We walked among the Milnes,
where even indoors it’s wintry,
while out a milliner has feathered
the land in cruciferous fancies,
and russet stands march down
slick black hills, in retreat from
sunset to hearth and home.
Mr. Milne never married,
said the guide to a cross-legged tribe
of tender youth, deepening the mystery
in their upswept eyes.
These pictures prompted you
to remember to come over and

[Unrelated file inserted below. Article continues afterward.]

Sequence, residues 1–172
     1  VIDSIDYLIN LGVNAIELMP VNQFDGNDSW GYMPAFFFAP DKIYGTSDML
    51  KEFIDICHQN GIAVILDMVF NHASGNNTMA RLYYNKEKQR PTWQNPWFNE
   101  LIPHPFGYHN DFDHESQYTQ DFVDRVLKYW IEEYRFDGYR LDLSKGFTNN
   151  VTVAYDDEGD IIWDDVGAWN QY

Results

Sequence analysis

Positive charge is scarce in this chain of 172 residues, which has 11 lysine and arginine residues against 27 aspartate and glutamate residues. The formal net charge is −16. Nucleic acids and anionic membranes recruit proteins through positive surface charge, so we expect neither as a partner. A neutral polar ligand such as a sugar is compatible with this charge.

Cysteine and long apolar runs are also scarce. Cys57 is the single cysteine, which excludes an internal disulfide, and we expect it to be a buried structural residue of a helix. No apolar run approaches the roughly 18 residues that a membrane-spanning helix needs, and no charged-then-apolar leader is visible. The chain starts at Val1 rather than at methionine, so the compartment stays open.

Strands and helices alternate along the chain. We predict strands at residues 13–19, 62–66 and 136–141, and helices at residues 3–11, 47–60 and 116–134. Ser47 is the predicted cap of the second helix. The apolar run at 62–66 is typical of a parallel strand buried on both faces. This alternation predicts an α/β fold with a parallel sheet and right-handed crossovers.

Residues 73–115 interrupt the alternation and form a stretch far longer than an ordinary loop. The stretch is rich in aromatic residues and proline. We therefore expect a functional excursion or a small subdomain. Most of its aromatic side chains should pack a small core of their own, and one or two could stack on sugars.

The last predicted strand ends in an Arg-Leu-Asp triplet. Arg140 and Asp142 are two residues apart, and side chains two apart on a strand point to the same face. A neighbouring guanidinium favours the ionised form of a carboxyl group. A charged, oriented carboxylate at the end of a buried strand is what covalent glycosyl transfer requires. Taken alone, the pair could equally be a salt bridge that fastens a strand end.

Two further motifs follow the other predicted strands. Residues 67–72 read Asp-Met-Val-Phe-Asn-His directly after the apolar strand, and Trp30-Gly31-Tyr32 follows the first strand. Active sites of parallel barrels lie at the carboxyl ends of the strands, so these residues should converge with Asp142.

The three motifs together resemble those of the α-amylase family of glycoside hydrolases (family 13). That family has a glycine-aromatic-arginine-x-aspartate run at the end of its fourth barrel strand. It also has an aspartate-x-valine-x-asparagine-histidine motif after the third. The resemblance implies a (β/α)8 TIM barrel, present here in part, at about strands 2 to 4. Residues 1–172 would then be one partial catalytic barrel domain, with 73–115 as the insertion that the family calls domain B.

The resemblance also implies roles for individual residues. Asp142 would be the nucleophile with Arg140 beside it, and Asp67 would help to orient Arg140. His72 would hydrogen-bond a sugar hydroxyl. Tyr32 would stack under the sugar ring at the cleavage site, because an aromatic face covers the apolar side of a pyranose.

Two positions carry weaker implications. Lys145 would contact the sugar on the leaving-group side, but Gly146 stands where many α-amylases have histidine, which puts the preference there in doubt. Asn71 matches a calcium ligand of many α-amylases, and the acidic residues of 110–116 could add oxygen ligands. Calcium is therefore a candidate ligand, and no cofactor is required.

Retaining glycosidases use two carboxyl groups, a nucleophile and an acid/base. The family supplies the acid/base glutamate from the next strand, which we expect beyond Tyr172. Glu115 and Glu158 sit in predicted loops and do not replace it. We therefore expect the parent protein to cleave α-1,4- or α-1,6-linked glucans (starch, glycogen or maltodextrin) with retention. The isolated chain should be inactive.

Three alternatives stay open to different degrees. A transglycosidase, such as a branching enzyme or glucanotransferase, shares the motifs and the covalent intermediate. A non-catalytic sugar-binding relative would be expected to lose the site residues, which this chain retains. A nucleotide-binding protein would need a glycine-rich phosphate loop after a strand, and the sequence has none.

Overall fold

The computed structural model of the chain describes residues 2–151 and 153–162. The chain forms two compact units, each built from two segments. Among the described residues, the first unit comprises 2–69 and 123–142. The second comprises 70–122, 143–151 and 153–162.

carry off a small work painted by
a former friend, a troubled woman
with an affinity for sunsets, suffocating
clouds and fading shoe-strings of light.
You’d paid for it, it was yours,
I confirmed, a little too raw
and loud for the junior crowd.
Heads turned. We looked about
as if we’d each lost something
to different corners of the room.
We waited for the youngsters
to depart. Please, I said, can we
divide the loot a little later?